Estimates issued by the National Bank of Ukraine (NBU) on Friday state that the second quarter unemployment rate was 35%, but the NBU expects the number to drop to 28.9% by New Years. 

The unemployment figures track with a poll released earlier this week, by the Ukrainian Rating Group, which found that though 65% of respondents said that they had employment before the war, today 39% told pollsters that they were unemployed. Only 34% of Ukrainians said that their work had not changed at all since the war began, whereas 19% said that their work had become “remote,” and another 6% had found new employment.

The NBU cautioned that even though things would be rosier by January, due to the beginnings of economic recovery and a hotter job market, “as in other countries (for example, in former Yugoslavia), even after the end of active hostilities, unemployment will decrease slowly and remain at a higher level than before due to the long-term effects of the war.”

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In citing the example of other post-war economies, the bank went on to say that they expected unemployment to decline to 27% during 2023, it is only expected to fall an additional 8.8%, to 18.2%, by the end of calendar year 2024.

Urging sobriety in analysis, the Bank said that though there was project to be a massive growth in nominal wages, 36.3% in 2023 and 31.3% in 2024, this should not be confused with “real wages.”  “Nominal wages will grow rapidly, they will exceed the pre-war level as early as 2023. However, taking into account inflationary processes, real wages at the end of 2024 will still be below the pre-war level,” said the NBU.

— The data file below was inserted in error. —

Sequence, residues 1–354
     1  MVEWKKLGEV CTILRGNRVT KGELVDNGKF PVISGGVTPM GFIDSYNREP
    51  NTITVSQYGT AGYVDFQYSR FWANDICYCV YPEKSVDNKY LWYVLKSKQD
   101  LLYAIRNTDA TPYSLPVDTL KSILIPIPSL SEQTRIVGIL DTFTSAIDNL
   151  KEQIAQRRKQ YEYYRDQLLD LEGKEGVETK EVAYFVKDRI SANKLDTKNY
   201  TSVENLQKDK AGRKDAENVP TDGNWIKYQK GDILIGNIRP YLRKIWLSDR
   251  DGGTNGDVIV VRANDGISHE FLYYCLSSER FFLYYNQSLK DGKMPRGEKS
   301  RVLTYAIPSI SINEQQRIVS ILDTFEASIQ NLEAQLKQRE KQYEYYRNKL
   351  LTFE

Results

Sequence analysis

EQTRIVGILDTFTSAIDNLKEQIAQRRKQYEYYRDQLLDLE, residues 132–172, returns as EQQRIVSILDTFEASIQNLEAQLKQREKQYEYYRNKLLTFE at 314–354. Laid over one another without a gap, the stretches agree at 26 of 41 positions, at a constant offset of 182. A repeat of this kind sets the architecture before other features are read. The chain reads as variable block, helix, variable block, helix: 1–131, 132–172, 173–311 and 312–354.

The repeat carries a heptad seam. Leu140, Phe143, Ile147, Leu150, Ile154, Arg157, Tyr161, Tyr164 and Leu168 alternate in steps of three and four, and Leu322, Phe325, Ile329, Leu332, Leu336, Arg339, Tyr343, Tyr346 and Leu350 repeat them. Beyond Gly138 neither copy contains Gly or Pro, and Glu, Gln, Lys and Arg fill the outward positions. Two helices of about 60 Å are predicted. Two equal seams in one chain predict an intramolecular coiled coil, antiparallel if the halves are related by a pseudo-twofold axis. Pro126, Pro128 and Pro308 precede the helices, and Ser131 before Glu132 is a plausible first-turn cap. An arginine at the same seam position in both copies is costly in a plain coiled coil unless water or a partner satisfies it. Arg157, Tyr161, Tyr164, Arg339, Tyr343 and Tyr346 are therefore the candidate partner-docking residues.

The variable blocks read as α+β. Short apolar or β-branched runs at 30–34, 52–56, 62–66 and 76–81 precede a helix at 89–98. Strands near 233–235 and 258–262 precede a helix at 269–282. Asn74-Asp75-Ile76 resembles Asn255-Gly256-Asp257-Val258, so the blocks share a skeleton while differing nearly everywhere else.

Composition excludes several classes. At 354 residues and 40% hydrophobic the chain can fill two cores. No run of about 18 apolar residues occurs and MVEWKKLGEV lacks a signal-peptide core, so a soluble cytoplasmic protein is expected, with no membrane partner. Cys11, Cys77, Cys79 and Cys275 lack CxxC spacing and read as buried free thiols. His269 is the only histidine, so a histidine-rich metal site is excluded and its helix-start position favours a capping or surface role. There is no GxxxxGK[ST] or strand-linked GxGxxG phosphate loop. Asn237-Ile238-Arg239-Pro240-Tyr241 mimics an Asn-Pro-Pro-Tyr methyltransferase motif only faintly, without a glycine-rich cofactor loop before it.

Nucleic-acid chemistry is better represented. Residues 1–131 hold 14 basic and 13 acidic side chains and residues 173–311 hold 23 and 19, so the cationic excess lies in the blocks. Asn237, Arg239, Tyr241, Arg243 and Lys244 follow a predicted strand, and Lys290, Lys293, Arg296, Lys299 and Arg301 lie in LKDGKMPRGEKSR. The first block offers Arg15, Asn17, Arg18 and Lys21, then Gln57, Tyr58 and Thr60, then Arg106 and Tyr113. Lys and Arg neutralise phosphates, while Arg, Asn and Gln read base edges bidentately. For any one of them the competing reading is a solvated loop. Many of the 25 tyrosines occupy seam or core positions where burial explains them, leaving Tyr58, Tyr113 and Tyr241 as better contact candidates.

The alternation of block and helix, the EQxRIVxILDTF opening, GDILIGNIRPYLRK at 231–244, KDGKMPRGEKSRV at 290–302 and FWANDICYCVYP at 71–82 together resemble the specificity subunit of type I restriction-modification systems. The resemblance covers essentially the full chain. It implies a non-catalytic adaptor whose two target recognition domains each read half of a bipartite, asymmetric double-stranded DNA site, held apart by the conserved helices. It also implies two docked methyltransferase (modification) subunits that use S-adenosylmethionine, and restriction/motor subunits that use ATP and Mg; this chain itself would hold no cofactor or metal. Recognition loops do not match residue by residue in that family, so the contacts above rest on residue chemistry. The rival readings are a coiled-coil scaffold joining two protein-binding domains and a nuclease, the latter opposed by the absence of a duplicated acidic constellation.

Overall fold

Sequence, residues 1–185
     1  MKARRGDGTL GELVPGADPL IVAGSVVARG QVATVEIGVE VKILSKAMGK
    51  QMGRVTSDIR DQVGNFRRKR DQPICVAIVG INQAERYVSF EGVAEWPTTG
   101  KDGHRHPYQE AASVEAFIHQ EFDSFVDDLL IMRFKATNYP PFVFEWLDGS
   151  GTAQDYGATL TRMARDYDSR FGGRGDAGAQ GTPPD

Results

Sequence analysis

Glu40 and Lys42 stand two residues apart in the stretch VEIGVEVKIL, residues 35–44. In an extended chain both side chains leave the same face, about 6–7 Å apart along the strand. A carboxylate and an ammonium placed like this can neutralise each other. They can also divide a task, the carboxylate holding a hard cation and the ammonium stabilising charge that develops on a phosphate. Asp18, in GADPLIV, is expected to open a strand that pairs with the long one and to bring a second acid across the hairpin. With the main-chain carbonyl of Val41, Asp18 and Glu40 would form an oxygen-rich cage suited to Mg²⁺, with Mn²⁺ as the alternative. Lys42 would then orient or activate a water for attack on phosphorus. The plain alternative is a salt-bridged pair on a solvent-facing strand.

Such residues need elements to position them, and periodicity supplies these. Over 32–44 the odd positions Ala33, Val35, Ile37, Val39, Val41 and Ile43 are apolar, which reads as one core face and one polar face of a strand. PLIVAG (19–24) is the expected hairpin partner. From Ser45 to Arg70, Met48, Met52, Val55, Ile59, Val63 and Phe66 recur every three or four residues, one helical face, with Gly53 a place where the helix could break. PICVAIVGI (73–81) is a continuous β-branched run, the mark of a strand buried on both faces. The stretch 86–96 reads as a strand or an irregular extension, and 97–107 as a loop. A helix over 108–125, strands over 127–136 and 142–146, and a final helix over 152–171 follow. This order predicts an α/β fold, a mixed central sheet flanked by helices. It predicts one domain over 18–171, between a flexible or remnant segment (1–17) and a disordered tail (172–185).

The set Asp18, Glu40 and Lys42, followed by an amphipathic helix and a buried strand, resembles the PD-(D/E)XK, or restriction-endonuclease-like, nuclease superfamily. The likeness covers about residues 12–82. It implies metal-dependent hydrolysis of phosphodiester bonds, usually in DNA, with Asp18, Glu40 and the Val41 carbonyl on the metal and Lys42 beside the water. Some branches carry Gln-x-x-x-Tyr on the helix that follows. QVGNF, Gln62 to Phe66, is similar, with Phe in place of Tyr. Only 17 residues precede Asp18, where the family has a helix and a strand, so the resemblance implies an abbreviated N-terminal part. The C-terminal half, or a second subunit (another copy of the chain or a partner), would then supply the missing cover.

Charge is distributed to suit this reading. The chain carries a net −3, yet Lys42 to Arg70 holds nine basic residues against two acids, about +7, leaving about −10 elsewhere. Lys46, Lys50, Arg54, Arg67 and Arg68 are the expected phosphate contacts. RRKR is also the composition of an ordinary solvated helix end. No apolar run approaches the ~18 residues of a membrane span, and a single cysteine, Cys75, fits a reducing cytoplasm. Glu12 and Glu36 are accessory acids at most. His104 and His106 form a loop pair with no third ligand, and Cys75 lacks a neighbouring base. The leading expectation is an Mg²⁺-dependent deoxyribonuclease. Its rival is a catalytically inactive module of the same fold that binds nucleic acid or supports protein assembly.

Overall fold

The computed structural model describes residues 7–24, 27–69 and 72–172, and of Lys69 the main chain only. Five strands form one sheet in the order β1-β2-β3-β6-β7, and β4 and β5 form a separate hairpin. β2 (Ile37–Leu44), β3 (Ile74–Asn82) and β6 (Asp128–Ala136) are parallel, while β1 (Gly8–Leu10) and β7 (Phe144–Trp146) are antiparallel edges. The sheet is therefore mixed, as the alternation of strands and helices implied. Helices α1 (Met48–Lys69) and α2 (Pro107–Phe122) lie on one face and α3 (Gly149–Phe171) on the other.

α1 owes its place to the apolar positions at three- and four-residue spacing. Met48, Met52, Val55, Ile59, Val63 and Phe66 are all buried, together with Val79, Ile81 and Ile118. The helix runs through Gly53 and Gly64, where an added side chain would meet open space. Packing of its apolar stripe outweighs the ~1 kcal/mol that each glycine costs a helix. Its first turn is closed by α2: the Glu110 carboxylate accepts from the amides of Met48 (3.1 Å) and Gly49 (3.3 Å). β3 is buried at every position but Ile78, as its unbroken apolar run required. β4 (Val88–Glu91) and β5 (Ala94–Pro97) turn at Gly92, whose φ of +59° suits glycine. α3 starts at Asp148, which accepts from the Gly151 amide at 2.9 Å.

Ukraine's Precipice
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Ukraine's Precipice

The $61-billion military aid package from the United States, if passed as expected, will allow the Armed Forces of Ukraine to bomb troops and operations behind enemy lines.

Nominal wages were expected to decline by 12% in 2022, representing a 27% decline when accounting for inflation.

During a separate press conference on Friday, a United Nations World Food Programme official, Antoine Vallas, said that one-out-of-every-three Ukrainians now suffers from food shortages. The UN’s World Food Programme has actively sought to help Ukrainians during this period and has supplied over 2 million citizens with various forms of assistance to cope.

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Despite the gloomy numbers, long term American Kyiv resident, Brian Mefford, an American, who founded Help Ukraine 22 to assist Ukrainians suffering as a result of the war, said that he thought this was a decisive moment of opportunity for Ukraine.

While acknowledging that the Ukrainian GDP was expected to retract by more than half, meaning that “it will be smaller than Napa Valley, California which has a GDP of $75 billion,” it was a chance for Ukraine to begin taking steps to implement reforms that would attract investors to Ukrainian markets.

“There is no better time to make radical changes than as during a war,” said Mefford, continuing that, “War is difficult for investors, however, it is precisely now that Ukraine should implement strong free market reforms.”

Mefford said that though things did not look good today, Ukraine should look ahead of how to prepare for a brighter day tomorrow and act now to prepare for it.

“Lincoln didn’t wait until after the Civil War to make radical reforms: He took charge, did not lose time, and did what was needed,” said Mefford.

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